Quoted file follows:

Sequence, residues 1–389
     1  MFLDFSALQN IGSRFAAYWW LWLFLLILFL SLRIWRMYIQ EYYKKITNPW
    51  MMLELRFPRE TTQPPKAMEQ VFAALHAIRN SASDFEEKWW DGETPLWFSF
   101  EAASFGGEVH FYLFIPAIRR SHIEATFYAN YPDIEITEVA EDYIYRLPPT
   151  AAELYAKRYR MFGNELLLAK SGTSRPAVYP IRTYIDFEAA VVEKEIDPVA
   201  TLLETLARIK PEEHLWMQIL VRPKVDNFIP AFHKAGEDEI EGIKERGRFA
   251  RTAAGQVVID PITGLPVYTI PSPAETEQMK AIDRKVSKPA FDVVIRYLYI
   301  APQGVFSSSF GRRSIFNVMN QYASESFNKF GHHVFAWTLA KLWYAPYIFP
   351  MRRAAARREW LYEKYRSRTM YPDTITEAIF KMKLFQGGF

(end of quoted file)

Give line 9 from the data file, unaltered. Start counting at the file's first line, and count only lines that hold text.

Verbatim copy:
   351  MRRAAARREW LYEKYRSRTM YPDTITEAIF KMKLFQGGF